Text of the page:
The City of Chicago is gripped by an Axe Murderer. The streets are empty at night as there have been six murders and six people have been caught, but they are lunatics. Only one person has ... See full summary »
A Los Angeles socialite kills a man while home alone one night and claims he was an intruder she did not know. It seems like a clear case of self defense until the story hits the papers and people connected to the dead man come forward.
Angered that her sister Celia has stolen her fiance, Dell Faring kills her and allows Celia's husband David, knocked out in an argument with Celia, to take the blame and end up on death row. Later Dell, finding out that David's young daughter Susan was witness to the crime and is undergoing psychiatric treatment, plans to eliminate her before her memory returns. Written by
Doug Sederberg <firstname.lastname@example.org>
The treating psychiatrist, Dr. Caroline Canford, was played by a future "First Lady," Nancy Davis Reagan. Nancy had met then First Lady Grace Coolidge when she was seven. See more »
When Dell frantically flips through the front section of a newspaper looking for an article about the possible demise of her step-niece, the prop newspaper clearly has no name banner, headlines, photos or ads. See more »
I'm glad Celia went to the early show. I don't think she likes us very much.
David I. Starrling:
Susan, what a dreadful thing to say about your mother.
She's not my mother. My mother's dead. You said so yourself.
David I. Starrling:
Celia's your mother now. It's not easy for her. Promise me you wont' say thing like that again.
Ok, I promise. I won't say it again. But I'll still think it.
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David (Zachary Scott) is married to a no-good cheat, Celia. After returning from a business trip, he learns at a dinner party that his wife and 'friend' are having an affair. Later, as the two are arguing over this, Celia knocks out David. In the meantime, Celia's sister, Dell (Ann Sothern) arrives and confronts Celia for stealing her fiancé. Soon Dell kills Celia...and with David unconscious, he's assumed to have done the killing...and David isn't sure he didn't. David's been sent to death row and the only glitch in Dell's plan is that David's young daughter (Gigi Perreau) might have witnessed the killing and Dell needs to be certain she won't talk. While the young girl is too traumatized to fully recall the events, she could remember through the course of therapy...and it could be Dell on death row instead! So Dell can either wait and hope the child cannot remember or kill her to make certain!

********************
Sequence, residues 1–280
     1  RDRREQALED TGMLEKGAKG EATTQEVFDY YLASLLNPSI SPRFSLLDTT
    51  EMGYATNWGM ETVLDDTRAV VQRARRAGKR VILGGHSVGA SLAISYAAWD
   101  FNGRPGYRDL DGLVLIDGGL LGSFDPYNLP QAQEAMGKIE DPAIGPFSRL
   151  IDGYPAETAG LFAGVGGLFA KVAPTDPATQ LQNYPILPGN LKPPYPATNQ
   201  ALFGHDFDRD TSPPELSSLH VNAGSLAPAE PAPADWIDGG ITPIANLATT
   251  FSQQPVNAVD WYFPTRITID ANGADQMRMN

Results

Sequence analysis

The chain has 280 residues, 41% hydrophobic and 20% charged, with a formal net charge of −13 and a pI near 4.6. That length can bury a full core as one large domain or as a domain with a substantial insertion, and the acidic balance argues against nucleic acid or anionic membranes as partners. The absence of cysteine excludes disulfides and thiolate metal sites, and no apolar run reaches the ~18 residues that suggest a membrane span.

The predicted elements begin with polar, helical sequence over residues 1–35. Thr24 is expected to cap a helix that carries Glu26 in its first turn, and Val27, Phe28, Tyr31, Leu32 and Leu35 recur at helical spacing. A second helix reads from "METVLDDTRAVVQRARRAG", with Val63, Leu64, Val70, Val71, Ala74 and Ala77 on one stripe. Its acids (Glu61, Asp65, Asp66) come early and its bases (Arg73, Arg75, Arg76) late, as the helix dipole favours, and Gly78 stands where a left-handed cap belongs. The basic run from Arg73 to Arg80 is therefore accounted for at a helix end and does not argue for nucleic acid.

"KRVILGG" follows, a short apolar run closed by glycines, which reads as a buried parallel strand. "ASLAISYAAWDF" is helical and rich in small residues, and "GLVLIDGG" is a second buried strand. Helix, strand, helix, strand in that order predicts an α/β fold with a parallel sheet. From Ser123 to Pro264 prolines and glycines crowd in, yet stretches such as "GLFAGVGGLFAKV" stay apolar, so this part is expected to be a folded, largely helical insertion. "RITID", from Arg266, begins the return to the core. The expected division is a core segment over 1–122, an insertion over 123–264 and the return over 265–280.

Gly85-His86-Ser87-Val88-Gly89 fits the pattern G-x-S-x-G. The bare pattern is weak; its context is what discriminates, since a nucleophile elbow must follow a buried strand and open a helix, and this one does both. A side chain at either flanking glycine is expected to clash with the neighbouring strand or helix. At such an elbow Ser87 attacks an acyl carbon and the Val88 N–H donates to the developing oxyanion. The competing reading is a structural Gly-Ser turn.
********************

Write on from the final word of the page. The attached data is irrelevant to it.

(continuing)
This is an unusual film due to the casting. This is NOT a complaint, but seeing Ann Sothern playing a killer is interesting, as she usually played nice, sweet folks like her Maisie character from the 1940s. At first, you can understand her motivation in killing her sister...but to see her attempting to murder an innocent child...that is a dark and twisted character! Additionally, this is one of the few films I've seen where Nancy David (Reagan) is given a chance to really act and she was quite nice as the child psychiatrist, Caroline. In other films, such as "Hellcats of the Navy" and "The Next Voice You Hear", Davis never really had a chance to shine as an actress.
As for the film itself, it is very good and worth seeing. It's also very unusual for MGM...a studio that wasn't known for such dark films back in 1950. In general, film noir pictures were done by other studios and MGM preferred making 'nice' movies...but here they've created a rather hard-hearted film! This is NOT a complaint...I liked the film and can easily recommend it to anyone.
By the way, one odd thing you see in the film is 'hydrotherapy'. Back in the bad old days of psychiatric treatment, hospitals often used baths to somehow try to cure or alleviate suffering in mental patients. In the really bad old days, it was ice water! Here, in the more enlightened 20th century, the baths were less traumatic and more soothing--with warm water. Of dubious value...but at least not harmful in the latter.
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